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Offering Comprehensive Cancer Care for Children

NEW YORK (Jun 3, 2013)

The recent reunification of the oncology, hematology, and stem cell transplant programs into one academic division under new Chief Andrew Kung, M.D., Ph.D. brings three very complimentary areas together again, Dr. Kung says. Joining them, "will allow us to maximize efficiencies in delivering excellent patient care and also facilitate the training program across the different specialties," he says.

Andrew Kung, M.D., Ph.D.
Andrew Kung, M.D., Ph.D.

Dr. Kung, who joined NewYork-Presbyterian/Columbia University Medical Center last August after almost 20 years at the Dana-Farber Cancer Institute in Boston, has clinical experience in transplantation and a research career identifying the causes of, and targeted treatment strategies for, cancer. In his new role he oversees clinical care in the Division of Pediatric Hematology, Oncology, and Stem Cell Transplantation at NewYork-Presbyterian/Morgan Stanley Children's Hospital, whose doctors treat more than 1,500 patients annually, and is building a research program to develop the next generation of therapies for pediatric cancers and blood disorders.

Research and Clinical Care

"The division has always been very strong in both clinical care and research. Going forward, one focus is to build up the connections between the two in the form of translational research," he says, but he envisions translational research as a two-way street. "We have traditionally thought of translation as going in one direction – we figure out new biology, ways to treat patients, or causes of disease, and then develop improved diagnostics and treatments to move into the clinic." In Dr. Kung's vision knowledge is translated from the clinic to the lab as well, he says, because researchers can learn a lot from patients; analyses of patients' tumor tissue will provide leads for scientists in the laboratory, for example. "We want to build a platform where new ideas for treatment, whether they come from basic scientists or clinicians – can be tested in the lab so that we can rapidly prioritize and translate the best ideas into treatments in the clinic."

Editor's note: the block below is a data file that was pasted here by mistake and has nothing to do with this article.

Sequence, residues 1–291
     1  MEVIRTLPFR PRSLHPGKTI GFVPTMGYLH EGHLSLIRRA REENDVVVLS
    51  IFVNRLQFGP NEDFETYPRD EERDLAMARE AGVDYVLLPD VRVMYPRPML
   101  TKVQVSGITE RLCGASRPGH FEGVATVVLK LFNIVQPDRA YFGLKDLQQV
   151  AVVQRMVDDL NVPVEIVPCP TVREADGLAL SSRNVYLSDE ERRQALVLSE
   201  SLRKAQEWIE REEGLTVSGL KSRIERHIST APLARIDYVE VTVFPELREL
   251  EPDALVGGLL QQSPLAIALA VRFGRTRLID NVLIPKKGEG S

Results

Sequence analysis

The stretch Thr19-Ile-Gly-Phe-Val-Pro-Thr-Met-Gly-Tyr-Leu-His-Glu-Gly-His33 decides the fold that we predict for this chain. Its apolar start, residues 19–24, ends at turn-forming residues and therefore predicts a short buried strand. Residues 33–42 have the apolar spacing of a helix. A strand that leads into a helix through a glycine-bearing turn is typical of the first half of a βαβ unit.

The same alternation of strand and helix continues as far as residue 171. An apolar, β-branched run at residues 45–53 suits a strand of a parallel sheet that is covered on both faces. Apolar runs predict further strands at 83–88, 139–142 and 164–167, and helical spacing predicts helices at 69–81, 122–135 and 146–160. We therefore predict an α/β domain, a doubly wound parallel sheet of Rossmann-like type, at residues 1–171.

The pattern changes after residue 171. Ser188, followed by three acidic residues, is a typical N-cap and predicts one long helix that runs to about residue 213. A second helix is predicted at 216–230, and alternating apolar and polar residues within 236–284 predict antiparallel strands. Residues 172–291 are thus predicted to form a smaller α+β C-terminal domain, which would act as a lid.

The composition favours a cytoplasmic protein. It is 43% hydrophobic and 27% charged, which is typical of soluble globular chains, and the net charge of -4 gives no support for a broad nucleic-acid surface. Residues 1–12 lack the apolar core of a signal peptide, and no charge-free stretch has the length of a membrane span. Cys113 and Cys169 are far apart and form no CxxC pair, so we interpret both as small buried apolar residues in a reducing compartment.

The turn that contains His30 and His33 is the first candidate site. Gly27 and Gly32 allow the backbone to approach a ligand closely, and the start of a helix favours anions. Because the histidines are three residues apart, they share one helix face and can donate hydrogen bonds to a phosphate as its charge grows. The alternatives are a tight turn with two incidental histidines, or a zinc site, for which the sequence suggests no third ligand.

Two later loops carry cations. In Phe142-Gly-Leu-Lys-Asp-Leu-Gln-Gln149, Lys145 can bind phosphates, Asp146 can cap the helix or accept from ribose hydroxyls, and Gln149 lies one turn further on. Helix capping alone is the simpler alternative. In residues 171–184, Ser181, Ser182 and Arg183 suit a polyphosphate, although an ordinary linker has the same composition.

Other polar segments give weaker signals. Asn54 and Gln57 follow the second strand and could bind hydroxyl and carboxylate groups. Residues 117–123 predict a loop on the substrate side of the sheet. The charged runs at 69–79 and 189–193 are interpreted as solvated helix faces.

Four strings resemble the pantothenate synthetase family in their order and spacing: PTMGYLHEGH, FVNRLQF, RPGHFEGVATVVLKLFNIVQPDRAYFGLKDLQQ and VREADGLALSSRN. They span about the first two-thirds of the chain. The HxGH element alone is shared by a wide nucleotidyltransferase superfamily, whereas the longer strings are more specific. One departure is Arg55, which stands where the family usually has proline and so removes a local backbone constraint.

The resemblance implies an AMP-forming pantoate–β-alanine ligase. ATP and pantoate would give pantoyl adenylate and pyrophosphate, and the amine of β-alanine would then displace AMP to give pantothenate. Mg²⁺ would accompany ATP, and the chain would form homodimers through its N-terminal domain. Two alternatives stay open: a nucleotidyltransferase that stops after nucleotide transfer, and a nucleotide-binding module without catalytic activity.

Genomic and sequencing technologies are very important components of this approach, enabling researchers to analyze tumors for cancer-causing mutations. "When we find a new mutation and want to figure out if it is responsible for the development of disease, we can immediately take that question back to the laboratory scientists," he says. "So the genomic technologies will become important drivers of our care of patients and will also help prioritize our work in the laboratory."

Personalized Medicine

Many medical centers are moving toward the concept of providing personalized medicine, where patient's tumor tissue is analyzed, and their doctors then tailor the treatments to their particular mutations. Over the next year, as the division acquires additional technologies, data, and means of testing, its members will be able to increase the precision with which they treat patients, says Dr. Kung. "This division has always prided itself on providing personalized care, meaning we have always tailored treatments to fit every individual patient. Now we want to leverage the genomics revolution to tailor our treatments and provide 'precision medicine.'"

Future Growth

As he grows the division's research arm, Dr. Kung is also working to strengthen the hematology program, which has particular expertise in sickle cell disease, by adding specialists in clotting and bleeding disorders, as well as recruiting new physicians for the stem cell transplant program. "We want to build on our existing strengths by expanding our transplant program for non-malignant diseases such as sickle cell disease. So there's an obvious synergy in having hematology and transplant in the same division," he says. Dr. Kung is also working closely with Rachel Miller, M.D., Director of the Division of Pediatric Allergy and Immunology, to create a program for providing transplants to patients with immunodeficiencies, as well.

"To build upon a foundation that already embodies excellence is really quite exciting," Dr. Kung says. While most programs around the country are now stagnant because of the current economic environment, Columbia University Medical Center has identified cancer as an area of focus and has committed resources that allow the division to be in building mode, he says. "That commitment ensures that we can grow, evolve, and innovate, and build a next-generation program by investing in existing programs, recruiting new people and committing resources to new technologies and innovative ways of treating patients. That's how we're going to move to the next level," he says.

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